DALLAS, TEXAS — Researchers identified behavioral, psychological, and environmental predictors of continued weight loss maintenance vs weight regain in a large cohort of members of Weight Watchers who had successful long-term weight loss.
On average, where to buy zoloft best the participants had lost 25.5 kg (56 lb) and kept it off for 3.5 years, when they entered the 1-year study.
At study entry and 1 year later, the participants replied to several questionnaires that asked about predictors of weight loss maintenance.
Compared with people who gained weight over the 1-year study, those who maintained their weight within 2.3 kg (5 lb) reported more consistent monitoring of their diet and weight and greater acceptance of uncomfortable food cravings.
They also had reduced disinhibition (tendency to overeat) when faced with food cues, as well as less pain and a more positive body image “at any weight, shape, or size,” Suzanne Phelan, MD, PhD, reported.
Phelan, from the Department of Kinesiology and Public Health, California Polytechnic State University, San Luis Obispo, presented the study in an Obesity symposium at ObesityWeek, and it was simultaneously published in the journal. The study was selected as one of five top papers submitted to the journal to coincide with the meeting.
Future interventions to prevent weight regain should target overeating in response to internal and external food cues and declines in self-monitoring and body image, Phelan said.
The study aimed to identify behaviors that might predict who might “beat the odds” and sustain long-term weight loss, she told Medscape.
The findings suggest that the people who maintained their weight loss had developed skills to help them cope with cravings and not respond by eating, she said. Continued self-monitoring and body acceptance and appreciation (all body sizes are beautiful) were key elements of successful weight loss maintenance.
No Antiobesity Drugs or Surgery; Don’t Forget Behavioral Stuff
Importantly, although 43% of the study participants regained more than 5 pounds during this 1-year study, they still remained at 18% below their starting weight, “indicating that they were largely successful at weight loss,” Phelan said.
Michael D. Jensen, MD, editor-in-chief of Obesity, echoed this.
The researchers “did find some weak predictors of success,” said Jensen, from Mayo Clinic, Rochester, Minnesota. “But perhaps as important,” he said, “was that at the end of the trial, even those who had regained some slight weight still had 18% weight loss — which is not trivial — after, on average, 4.5 years with a standard commercial weight management program.
“At every talk I go to here,” the message is, “Let’s stampede towards use of the drugs and skip diet and exercise and behavioral stuff,” he observed. “I would argue,” he said, “that when it works, it works really well, and it’s free. So this idea that we shouldn’t even try it, because we know it’s going to fail, is wrong.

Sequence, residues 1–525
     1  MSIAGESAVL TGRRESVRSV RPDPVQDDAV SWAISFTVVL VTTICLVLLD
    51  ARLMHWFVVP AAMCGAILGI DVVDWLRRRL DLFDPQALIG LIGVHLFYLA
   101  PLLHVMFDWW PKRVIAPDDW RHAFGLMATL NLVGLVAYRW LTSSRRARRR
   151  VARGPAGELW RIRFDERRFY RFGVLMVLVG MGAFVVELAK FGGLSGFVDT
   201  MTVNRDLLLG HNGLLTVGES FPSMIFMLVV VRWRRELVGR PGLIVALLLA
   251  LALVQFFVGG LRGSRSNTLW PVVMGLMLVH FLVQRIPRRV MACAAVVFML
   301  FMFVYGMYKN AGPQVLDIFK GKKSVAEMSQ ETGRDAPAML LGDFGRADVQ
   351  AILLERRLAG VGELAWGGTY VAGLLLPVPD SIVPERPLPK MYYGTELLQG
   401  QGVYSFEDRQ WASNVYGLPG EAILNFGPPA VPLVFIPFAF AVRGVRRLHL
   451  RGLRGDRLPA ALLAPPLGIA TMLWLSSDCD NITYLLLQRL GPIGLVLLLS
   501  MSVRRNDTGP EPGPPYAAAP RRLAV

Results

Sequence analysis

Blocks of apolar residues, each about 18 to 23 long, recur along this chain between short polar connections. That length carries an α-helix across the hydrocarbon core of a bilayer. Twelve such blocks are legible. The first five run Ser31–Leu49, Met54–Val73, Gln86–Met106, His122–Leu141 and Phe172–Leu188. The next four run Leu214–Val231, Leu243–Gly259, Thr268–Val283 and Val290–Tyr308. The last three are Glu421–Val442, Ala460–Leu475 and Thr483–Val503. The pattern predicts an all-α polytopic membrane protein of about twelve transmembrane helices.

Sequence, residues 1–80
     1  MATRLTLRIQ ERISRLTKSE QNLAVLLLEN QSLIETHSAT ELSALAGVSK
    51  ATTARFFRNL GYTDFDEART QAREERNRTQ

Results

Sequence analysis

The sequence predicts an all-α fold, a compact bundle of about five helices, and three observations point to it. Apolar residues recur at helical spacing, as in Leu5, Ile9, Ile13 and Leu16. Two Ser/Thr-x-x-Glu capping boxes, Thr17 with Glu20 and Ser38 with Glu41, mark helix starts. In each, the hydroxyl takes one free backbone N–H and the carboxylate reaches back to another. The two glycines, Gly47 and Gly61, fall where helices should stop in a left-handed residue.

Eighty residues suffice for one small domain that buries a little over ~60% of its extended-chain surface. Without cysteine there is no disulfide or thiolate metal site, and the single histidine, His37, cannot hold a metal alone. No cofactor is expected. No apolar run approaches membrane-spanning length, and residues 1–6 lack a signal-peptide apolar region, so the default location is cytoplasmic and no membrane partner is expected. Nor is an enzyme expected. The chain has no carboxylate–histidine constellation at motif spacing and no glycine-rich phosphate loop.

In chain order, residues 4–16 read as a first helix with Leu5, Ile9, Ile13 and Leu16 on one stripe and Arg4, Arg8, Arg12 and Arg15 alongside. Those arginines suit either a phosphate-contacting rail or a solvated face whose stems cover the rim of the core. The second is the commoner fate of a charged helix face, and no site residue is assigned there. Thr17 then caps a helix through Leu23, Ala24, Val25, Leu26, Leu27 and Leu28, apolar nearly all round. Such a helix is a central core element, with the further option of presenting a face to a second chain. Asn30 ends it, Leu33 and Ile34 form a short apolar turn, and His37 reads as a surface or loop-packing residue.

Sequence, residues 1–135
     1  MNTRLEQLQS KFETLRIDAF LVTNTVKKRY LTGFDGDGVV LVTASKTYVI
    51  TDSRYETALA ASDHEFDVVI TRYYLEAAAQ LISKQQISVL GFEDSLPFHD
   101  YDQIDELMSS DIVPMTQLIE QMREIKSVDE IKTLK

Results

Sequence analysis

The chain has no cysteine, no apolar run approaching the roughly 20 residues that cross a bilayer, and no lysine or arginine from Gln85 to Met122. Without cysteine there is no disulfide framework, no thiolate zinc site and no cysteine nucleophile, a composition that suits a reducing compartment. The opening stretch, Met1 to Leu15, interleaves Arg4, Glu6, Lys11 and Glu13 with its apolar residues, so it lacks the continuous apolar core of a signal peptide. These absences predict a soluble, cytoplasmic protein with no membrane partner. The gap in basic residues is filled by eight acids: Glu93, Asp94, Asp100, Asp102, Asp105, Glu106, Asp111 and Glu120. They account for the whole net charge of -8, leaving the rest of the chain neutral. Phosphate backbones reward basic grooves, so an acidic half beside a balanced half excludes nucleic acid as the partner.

“If you have the right group, they have a decent chance of having a sufficiently good response that you don’t have to give the medications and you don’t have to send them for bariatric surgery.
“Once you learn from these programs what to do, you’re not paying $1000 a month for a drug and you haven’t had bariatric surgery,” Jensen noted. “Their 3 years of follow-up of Weight Watchers cost less than 1 month worth of one of these [antiobesity medications].”
The predictive findings were like ‘”icing on the cake,” he said. Anybody can find five people who’ve done well with therapy, but this study was in more than 2800 people who did well with a commercial program that is not expensive.
Study Design and Findings
Between 2019 and 2020, Weight Watchers invited adult members who had maintained weight loss of at least 9.1 kg (20 lb) for at least 1 year to participate in this study.
Of 7025 participants who entered the study, 4004 individuals (57%) who did not complete the 1-year questionnaires and others with implausible weight were excluded, leaving a final sample of 2843 participants.
Most participants were women (92%), non-Hispanic White (95%), married (92%), and college educated. They had mean age of 56 years.
On average, the participants had a body mass index (BMI) of 35.9 (grade 2 obesity) at the start of the Weight Watchers program and a BMI of 26.7 when they entered the current study.
At the 1-year follow-up, 57% of the participants had maintained the same weight (within 2.3 kg) as when they enrolled in the study, and 43% had gained ≥ 2.3 kg.
On average, the weight loss maintainers had gained 0.4 kg (0.88 lb). The weight gainers had gained 7.2 kg (15.9 lb) but were still 19.1 kg (42.1 lb) below the weight they had when they started the Weight Watchers program.
At baseline, compared with the weight gainers, the weight loss maintainers were on average older (58 vs 52 years), had a lower initial BMI (26 vs 28), and had longer duration of weight loss maintenance (4 vs 3 years).
At 1 year, those who had maintained their weight loss had greater self-monitoring, psychological coping, physical activity strategies, dietary choice strategies, and eating and physical activity habits, and they had less eating initiation in the absence of hunger.
They also had less disinhibition, more willingness to ignore cravings and accept food urges, more future orientation, more mindfulness, more positive body image and body satisfaction, better general health and mental health, and less bodily pain.
This research was supported by a grant to Phelan from Weight Watchers (WW) International, and three study authors are employees and shareholders of the company. Jensen discloses consulting for Biohaven Pharmaceuticals and for Seattle Gummy Co.
Obesity. Published online October 16, 2023. Full text
For more diabetes and endocrinology news, follow us on Twitter and on Facebook
For more news, follow Medscape on Facebook, X (formerly known as Twitter), Instagram, and YouTube
Source: Read Full Article